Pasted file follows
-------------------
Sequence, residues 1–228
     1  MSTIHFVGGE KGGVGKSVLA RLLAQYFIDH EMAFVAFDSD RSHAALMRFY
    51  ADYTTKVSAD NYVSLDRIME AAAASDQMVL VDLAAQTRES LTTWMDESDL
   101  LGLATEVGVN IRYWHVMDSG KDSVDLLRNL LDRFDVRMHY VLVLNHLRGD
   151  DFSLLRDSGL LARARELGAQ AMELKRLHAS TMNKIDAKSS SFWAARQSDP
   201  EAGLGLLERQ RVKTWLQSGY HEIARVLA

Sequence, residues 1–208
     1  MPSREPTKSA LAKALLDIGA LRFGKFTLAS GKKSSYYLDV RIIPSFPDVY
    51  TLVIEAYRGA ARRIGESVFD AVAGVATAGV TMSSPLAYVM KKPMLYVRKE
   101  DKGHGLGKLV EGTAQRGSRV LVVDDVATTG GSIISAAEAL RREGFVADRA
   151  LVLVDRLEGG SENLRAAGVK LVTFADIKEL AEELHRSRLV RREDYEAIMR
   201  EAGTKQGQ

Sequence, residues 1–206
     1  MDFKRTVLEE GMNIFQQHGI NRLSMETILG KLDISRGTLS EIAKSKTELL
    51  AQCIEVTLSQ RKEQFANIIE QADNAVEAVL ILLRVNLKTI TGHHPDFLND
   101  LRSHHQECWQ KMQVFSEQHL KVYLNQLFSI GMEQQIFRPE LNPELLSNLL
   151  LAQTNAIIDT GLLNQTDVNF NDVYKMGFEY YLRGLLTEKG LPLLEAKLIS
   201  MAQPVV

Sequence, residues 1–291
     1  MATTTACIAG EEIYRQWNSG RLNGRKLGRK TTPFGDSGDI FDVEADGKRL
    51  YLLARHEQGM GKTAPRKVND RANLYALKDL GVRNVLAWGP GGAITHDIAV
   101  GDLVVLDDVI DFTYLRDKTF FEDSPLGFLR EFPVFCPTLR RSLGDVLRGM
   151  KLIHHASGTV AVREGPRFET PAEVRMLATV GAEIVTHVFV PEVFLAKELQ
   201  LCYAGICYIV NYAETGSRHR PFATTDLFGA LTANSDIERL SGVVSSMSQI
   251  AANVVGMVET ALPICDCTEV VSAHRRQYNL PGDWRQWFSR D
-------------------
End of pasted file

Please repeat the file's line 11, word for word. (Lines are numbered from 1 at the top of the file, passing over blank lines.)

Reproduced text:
   151  LVLVDRLEGG SENLRAAGVK LVTFADIKEL AEELHRSRLV RREDYEAIMR